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Beautiful – The Carole King Musical at Curve Leicester review

The new Leicester production is also set to embark on a UK tour

Rating: 5 out of 5 stars
Molly-Grace Cutler with Naomi Alade, Louise Francis and Amena El-Kindy in Beautiful – The Carole King Musical
© Ellie Kurttz

The title of Beautiful – The Carole King Musical has a perfect, ready-to-go, cliché built in for its admirers to say that Beautiful is indeed... beautiful. It is, but it is also "All Kinds of Wonderful" and luminescent. That's not just connected with the luminosity of Ben Cracknell's sparkling lighting design – it runs throughout the entire show and the cracking performances. During its brief time on the Curve main stage and further on its forthcoming UK tour this fantastic show is going to bring pure theatre joy to thousands. It also has plenty of humour amongst the live musical mix. "Happy Days Are Here Again" for sure.

Directed with aplomb by Nikolai Foster, the actor-musician show is terrifically compelling and offers us a deconstructed slice of the early life of composer-singer Carole King (Molly-Grace Cutler). Cutler gives us a passionate and warm-hearted performance that shows good emotional and vocal progression starting as the keen and talented songwriting teen, all the way to being a fêted adult professional singer-musician finally showcasing at Carnegie Hall in 1971. At times it's hard to believe that you are not listening to the real King singing. And Cutler does her justice, well, beautifully.

The story stretches from 1942 when Carole Joan Klein was born and concludes with her phenomenal success (as Carole King) with the multi-million selling album "Tapestry". Her life story is packed with often tragic incidents and many a problematic marital and romantic relationship. Beautiful concentrates on her relationship with fellow songwriter Gerry Goffin (Tom Milner) and the impact that had on her life and ability to write a continuous flow of hit songs through her long-term American music publisher, Donnie Kirshner (Garry Robson) at the Brill Building in New York. With his Aldon record-making company's best interests at heart and with a sympathetic heart and ‘golden ear' for his creators, Kirshner is the paternal instigator of a stream of hits from the King/Goffin and Barry Mann/Cynthia Weil teams. Robson gives us an accomplished business-like but kindly Kirshner.

As the relationship between King and Goffin develops, we are privy to a gradual decline in their love for each other mainly due to Goffin's wayward nature and roving eyes for the ladies. There is also a suggestion that he also suffers mentally which makes his persona one that is difficult to be around and comprehend. Milner captures all the charm, instability and talent of Goffin well.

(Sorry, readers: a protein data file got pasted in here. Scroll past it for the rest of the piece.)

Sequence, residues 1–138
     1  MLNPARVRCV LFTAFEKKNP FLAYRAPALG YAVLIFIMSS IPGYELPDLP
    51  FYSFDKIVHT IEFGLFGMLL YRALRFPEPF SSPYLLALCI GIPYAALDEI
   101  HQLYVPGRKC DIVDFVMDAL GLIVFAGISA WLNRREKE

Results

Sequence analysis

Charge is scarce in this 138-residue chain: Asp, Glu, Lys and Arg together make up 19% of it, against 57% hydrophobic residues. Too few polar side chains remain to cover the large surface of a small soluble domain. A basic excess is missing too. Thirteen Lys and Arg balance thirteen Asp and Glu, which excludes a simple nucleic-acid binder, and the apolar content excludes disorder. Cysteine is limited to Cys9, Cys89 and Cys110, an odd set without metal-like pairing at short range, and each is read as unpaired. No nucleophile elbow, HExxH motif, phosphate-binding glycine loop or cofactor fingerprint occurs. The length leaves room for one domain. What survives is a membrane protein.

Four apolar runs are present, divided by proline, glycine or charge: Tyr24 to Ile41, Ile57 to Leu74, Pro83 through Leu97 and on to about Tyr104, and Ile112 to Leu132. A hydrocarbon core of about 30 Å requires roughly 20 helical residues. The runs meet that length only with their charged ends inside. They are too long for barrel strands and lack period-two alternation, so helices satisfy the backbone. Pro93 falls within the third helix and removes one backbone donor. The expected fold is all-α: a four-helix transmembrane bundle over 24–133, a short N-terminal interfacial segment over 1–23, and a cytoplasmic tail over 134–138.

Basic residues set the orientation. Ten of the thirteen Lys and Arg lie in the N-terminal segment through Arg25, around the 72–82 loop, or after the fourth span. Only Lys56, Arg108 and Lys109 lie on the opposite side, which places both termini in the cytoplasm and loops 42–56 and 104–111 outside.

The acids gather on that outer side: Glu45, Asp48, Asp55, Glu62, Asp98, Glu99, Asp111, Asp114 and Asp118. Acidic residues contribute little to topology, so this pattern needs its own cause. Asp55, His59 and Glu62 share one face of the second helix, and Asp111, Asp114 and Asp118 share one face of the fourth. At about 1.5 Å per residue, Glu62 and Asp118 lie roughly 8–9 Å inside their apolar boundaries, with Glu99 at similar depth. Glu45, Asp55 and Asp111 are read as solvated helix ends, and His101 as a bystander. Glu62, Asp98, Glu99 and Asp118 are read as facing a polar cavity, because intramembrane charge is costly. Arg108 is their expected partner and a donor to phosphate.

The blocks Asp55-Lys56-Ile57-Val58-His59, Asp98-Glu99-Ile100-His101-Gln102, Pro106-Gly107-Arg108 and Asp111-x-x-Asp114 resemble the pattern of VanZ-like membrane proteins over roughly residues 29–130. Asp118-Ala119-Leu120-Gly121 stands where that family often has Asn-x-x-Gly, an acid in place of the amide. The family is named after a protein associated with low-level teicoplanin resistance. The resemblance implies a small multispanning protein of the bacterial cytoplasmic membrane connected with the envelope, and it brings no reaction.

Running parallel to the key relationship, with its dramas and its humour, is the less tempestuous but uncertain romantic partnership of Weil (Seren Sandham Davies) and Mann (Jos Slovick). The show allows them to show direct competition to the King/Goffin partnership as well as emotional support for King when her marriage goes wrong and she has to find new ways of moving on personally and musically.

This Made At Curve liquid gold production wins on all fronts from the deconstructive – reconstructive staging aspects at the fast-beating, fast-moving creative heart of the story-telling to the clever set design (Frankie Bradshaw) where the open construct of the set demonstrates the obvious theatricality of the work even down to sections of the audience being able to see what is happening in the wings. Sarah Travis' musical directorship and soundtracking blends brilliantly with the actor-musos' talented portrayals of singing groups like The Righteous Brothers, The Shirelles, The Drifters and artists like Neil Sedaka. "The 1650 Broadway Melody" by the ensemble is a shining example of taking a familiar show and going that extra mile with its presentation. The whole seamless show is superbly choreographed by Leah Hill and the fluid movement includes the manipulation of the set and constant flow of characters in and around the Brill Building as well as the stylised 1960s dancing from the pop groups.

If you love songs like "(You Make Me Fell Like) A Natural Woman", "Pleasant Valley Sunday", "You've Got A Friend", "It's Too Late", "It Might As Well Rain Until September", "Up On The Roof", "The Locomotion", "Will You Still Love Me Tomorrow" and the titular track, you will have a joyous time and go home thoroughly uplifted by Beautiful – The Carole King Musical and its brilliant cast. Never mind "One Fine Day", this show is one finer-than-fine evening at the theatre. It rocks!

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